When Shakespeare penned the phrase, “All the world’s a stage,” he most definitely wasn’t thinking about real estate. But Barbara Schwarz, a Bellevue, WA interior-designer-turned-real-estate-broker saw every home as a stage when forty years ago, she developed the concept of “staging the home for sale.” Schwarz saw the challenges brokers faced preparing clients’ homes for the market, recognizing how dated furniture, clutter, or loud colors could make it difficult for buyers to see a property’s potential. Her goal was to de-clutter, re-arrange and prop rooms to create neutral, yet warm, spaces so buyers could form a positive first impression of a home and see themselves living there.
In the last decade, the concept of staging took off on the West Coast, and picked up traction across the country as the housing market collapsed. When residential property prices fall, real estate brokers and sellers need every advantage; staging provides that edge.
Now as the housing market rebounds, a new type of buyer has emerged, making staging even more critical. “Today’s buyers have so much more information available to them because of the internet. They’re more sophisticated, they’re busy, and they want turn-key houses,” explains Marion Filley, of Marion Filley Team Advantage/Prudential Real Estate. Filley has been staging her listings for over 15 years, and considers it an important part of her marketing program. “Although it’s often hard to convince sellers who’ve lived in their home for a long time to take up worn carpeting or redo the floors, because they think the new owners will do it, the reality is that buyers don’t want ‘projects’.”
Adds Kara Williams, a team member of the Fair Group at William Raveis, “A staged house – clean, uncluttered – gives the impression of a well-maintained home. Buyers are still price-sensitive and will lose interest if they think a house needs work.”
Julie Carney, of the Julie Carney Group at William Raveis, is also a big believer in staging. “It’s about presenting a house in the best possible way. If a house shows well, it will most likely sell faster and for a higher price.”
While some real estate agents do their own staging, others will recommend or bring in someone who specializes in staging. The stager is a neutral party, and will typically do a walk-through of the space and provide the seller and broker with a list of recommended improvements. These may include anything from repainting to repositioning or removing furniture, replacing worn bedspreads, pillows, and throws, re-glazing bathroom tiles, and changing light bulbs to brighten a dark room.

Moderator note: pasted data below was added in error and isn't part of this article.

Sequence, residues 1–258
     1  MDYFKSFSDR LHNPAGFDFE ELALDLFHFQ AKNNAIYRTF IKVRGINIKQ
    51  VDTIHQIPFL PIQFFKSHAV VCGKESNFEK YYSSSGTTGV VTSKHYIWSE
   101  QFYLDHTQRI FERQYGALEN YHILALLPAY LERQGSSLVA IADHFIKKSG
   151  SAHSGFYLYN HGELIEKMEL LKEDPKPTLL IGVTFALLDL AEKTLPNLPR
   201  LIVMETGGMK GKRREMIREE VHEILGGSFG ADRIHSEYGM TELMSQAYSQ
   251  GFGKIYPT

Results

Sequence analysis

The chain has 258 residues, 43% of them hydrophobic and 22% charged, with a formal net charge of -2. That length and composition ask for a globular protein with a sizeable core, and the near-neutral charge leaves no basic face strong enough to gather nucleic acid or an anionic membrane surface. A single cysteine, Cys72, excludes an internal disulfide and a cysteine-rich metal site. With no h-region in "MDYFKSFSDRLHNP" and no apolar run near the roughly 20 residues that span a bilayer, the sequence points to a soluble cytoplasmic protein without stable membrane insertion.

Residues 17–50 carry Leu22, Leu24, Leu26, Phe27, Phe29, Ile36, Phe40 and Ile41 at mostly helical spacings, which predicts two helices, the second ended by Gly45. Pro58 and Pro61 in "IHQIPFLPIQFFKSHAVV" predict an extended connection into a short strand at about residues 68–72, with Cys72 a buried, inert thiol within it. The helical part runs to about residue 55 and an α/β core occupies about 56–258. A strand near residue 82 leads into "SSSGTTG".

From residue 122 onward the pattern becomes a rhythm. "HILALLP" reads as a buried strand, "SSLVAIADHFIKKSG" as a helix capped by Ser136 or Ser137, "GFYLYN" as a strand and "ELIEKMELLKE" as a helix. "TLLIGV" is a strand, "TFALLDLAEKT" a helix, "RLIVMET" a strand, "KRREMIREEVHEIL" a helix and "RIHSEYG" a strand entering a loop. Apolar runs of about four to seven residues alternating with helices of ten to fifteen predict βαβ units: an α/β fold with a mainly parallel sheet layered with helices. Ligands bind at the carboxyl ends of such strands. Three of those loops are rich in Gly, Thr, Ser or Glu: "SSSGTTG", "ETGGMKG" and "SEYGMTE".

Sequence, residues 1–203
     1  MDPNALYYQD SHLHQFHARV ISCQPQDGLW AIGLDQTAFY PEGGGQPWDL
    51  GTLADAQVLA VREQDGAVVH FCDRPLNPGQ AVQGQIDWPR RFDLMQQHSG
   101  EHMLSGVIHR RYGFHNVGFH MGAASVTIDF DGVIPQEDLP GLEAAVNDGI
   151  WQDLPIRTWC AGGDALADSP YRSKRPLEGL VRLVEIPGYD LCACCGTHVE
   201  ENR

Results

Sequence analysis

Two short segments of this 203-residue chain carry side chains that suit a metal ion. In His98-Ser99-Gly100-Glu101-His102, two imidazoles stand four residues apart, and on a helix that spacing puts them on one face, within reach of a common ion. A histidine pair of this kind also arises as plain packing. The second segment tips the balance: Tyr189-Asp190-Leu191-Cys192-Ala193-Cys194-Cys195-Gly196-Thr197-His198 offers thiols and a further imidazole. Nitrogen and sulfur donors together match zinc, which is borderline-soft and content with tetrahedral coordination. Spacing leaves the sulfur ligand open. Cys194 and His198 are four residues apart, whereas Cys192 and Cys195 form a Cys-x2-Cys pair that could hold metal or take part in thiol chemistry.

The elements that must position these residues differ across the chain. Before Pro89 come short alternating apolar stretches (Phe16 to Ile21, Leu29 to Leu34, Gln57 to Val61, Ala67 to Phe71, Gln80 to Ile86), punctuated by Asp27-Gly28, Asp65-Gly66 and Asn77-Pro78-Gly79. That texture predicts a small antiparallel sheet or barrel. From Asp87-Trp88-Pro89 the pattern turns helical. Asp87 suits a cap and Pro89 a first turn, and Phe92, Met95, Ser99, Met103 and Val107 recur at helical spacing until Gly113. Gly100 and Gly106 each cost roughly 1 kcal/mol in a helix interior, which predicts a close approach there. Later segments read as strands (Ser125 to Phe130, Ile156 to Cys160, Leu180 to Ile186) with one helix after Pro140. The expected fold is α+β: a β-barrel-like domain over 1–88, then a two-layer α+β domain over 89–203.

“Too much visual stimuli will distract buyers. Orange walls–they’ll remember the color, not the room. Diplomas on bookshelves–they’ll remember where the seller went to school, not the house. You want buyers to focus on the space, not the furnishings, and have a good feeling about it,” says Joann Fisher, a broker in the Wilton office of Wilton Pitt Sotheby’s International Realty.
Stagers’ services vary, and are based on clients’ budgets and what they are willing or able to do themselves. A stager can shop for all the items on the list, and handle the re-decorating, or homeowners may decide to implement the improvements on their own. In that case, the real estate agent will often bring the stager in afterwards to make any tweaks necessary. Most stagers charge an initial consultation fee and hourly rates for the actual staging process.
Cindy Heiman, principal of Home ReVisions Staging, has been staging homes in Wilton for over fifteen years. “No matter if I am hired by the real estate agent, homeowner or builder, I’m the buyer’s eyes. I will come into a property, and provide my unfiltered assessment of what needs to be done to get it ready to sell. My comments are never intended to be a judgment regarding how owners live or decorate, but they need to understand that how we live and how we sell a house are two different situations.”
Heiman will provide a list of recommendations, but leaves it up to the homeowners to decide how much they want to do. She emphasizes that staging can have an impact even before a potential buyer sets foot in the door.
“It’s important to create a really great first impression, not just with buyers, but among real estate agents who will be bringing buyers in. The majority of today’s buyers start their home search by viewing MLS listings online. If they see photos of a listing that looks tired and cluttered, they’ll skip it and go on to the next house, so staging is even important for the photographs real estate agents use online.”
Some sellers have loved how Heiman transformed their home so much that they have hired her to oversee arranging their furnishings in their new home. Others admit they wish they had made some improvements sooner. Says Helen Terry, who recently listed her home with Filley, “We ended up loving how our house looked after it had been staged, and wish we’d made many of these changes when we first moved in.”